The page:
Amazon logoBarnes & Noble logoBooks a Million logoIndiebound logoBookshop logo
Video Palace: In Search of the Eyeless Man

Video Palace: In Search of the Eyeless Man

by Maynard Wills

V/H/S

What is it about creepy uses of old technology that just really gets under your skin? Mark Cambria and his girlfriend, Tamra Wulff, run the popular podcast Video Palace, in which they hunt down the origins of a series of weird videotapes. When Mark goes missing after hearing of a creature known as the Eyeless Man, folklore professor Maynard Wills looks to collect stories surrounding the myth, and finds some terrifying secrets along the way. The Video Palace anthology, which pubs on October 13, has great stories by Bob DeRosa, Gordon B. White, Rebekah and David Ian McKendry, and others, all around one central ghoul that looms ever closer. If you’re looking for a film that can match that eerie energy, check out V/H/S. A group of kids finds a series of disturbing videotapes after breaking into a man’s house, each tape exploring different creatures that consume and murder its victims. However, it’s not the tapes these kids have to worry about—it’s what they can’t see that’s the real threat.

Amazon logoBarnes & Noble logoBooks a Million logoIndiebound logoBookshop logo
I'm Thinking of Ending Things

I'm Thinking of Ending Things

by Iain Reid

I’m Thinking of Ending Things

There’s nothing quite like going into a stressful situation and realizing that something is off. At first, it doesn’t seem like a big deal, but, slowly, the dread sets in and every nerve in your body is telling you to run. That’s the kind of white-knuckle suspense you’ll find in Iain Reid’s novel I’m Thinking of Ending Things. A woman goes with her boyfriend to visit his family in the middle of nowhere, even though she is thinking of ending her relationship with him. But as soon as they arrive, things begin to fall apart, and not in the typical emotional way. There are pictures of her as a child on the farmhouse’s wall, her boyfriend’s parents disappear for long periods of time, and the cashier at the Dairy Queen tells her to run as she avoids looking at the boyfriend. But whatever you think is happening, you’ll never see the ending coming. And once you’re done reading this short but intense novel, you can watch the adaptation on Netflix...with all the lights on, of course.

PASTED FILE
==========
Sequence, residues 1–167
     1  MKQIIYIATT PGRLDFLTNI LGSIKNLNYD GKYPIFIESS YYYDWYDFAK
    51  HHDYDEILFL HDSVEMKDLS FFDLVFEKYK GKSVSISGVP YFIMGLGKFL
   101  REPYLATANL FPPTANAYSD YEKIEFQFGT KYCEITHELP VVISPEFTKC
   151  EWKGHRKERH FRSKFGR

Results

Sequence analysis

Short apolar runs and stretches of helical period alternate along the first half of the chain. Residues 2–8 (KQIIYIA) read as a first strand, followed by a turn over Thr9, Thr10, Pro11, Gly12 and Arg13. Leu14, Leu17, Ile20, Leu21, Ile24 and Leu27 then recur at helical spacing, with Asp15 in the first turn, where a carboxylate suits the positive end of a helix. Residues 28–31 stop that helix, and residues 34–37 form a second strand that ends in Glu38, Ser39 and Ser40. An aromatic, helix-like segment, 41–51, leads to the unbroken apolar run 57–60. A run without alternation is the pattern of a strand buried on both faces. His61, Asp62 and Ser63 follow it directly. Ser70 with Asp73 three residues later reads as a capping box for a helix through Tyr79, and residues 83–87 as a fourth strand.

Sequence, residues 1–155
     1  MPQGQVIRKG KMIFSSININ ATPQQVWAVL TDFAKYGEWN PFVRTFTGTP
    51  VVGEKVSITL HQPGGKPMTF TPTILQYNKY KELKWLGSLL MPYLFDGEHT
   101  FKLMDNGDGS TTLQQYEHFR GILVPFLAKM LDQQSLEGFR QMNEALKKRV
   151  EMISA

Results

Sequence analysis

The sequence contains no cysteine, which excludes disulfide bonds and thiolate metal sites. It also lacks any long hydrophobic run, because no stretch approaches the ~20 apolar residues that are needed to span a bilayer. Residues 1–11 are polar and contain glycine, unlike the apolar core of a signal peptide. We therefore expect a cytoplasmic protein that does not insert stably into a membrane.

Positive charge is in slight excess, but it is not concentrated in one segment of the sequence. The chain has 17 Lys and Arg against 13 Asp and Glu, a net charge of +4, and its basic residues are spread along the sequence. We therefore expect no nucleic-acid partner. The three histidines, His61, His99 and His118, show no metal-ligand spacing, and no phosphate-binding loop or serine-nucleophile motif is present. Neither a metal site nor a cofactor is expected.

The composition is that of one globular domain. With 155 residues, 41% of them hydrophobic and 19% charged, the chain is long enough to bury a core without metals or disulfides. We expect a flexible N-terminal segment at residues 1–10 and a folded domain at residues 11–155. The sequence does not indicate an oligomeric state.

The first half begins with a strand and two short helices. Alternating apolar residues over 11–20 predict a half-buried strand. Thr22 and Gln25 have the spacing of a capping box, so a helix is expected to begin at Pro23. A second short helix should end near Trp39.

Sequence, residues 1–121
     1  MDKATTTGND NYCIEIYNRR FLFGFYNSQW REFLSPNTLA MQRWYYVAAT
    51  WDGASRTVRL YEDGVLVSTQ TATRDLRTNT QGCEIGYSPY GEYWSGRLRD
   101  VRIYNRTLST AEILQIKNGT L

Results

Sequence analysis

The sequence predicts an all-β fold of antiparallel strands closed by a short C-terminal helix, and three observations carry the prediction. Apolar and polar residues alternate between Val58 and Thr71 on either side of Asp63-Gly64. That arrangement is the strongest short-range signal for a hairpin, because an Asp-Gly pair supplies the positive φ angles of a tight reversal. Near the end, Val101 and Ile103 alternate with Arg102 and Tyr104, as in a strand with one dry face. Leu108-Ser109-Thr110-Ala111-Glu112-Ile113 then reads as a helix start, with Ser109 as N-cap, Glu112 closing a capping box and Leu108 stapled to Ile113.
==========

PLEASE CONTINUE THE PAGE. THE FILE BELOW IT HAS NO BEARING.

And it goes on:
Amazon logoBarnes & Noble logoBooks a Million logoIndiebound logoBookshop logo
Last Days

Last Days

by Adam Nevill

Midsommar

Cults are one of the few things that are as terrifying in real life as they are in fiction, which is why I saved them for last. In the horror novel Last Days, indie filmmaker Kyle Freeman is tasked with creating a documentary on The Temple of the Last Days cult, which self-destructed years ago, killing off all its members. But as strange incidents begin to plague the production, Freeman realizes there’s a lot more to the story than anyone realized...and that he might not live to tell it. In this gripping, dark, and endlessly fascinating story, author Adam Nevill makes it feel like the crew is constantly being chased by a presence as they move from location to location, a dark cloud hanging over them that spells their doom. So what film to pair with this dark delight? Ari Aster’s Midsommar, of course. The film follows Dani—whose sister recently killed herself and her parents—as she follows her boyfriend and his friends to a strange summer festival in Sweden. As she processes her grief and loss, Dani becomes the central focus of the cult that runs the event, all while her boyfriend and the others find themselves meeting very different fates. If you’ll learn anything from this book-film matchup, it’s to stay as far away as you can from organized groups of people.

Amazon logoBarnes & Noble logoBooks a Million logoIndiebound logoBookshop logo
Love to get lit... erary? Sign up to get the latest delivered to your inbox!
A reporter by trade, Sara Roncero-Menendez is a lover of horror, sci-fi, and all things pop culture. From indies to classics to even the strangest genre pieces, all movies, TV shows, and books are fair game for a binge-fest. Follow her on Twitter @sararomenen or at her website, www.sara-roncero-menendez.com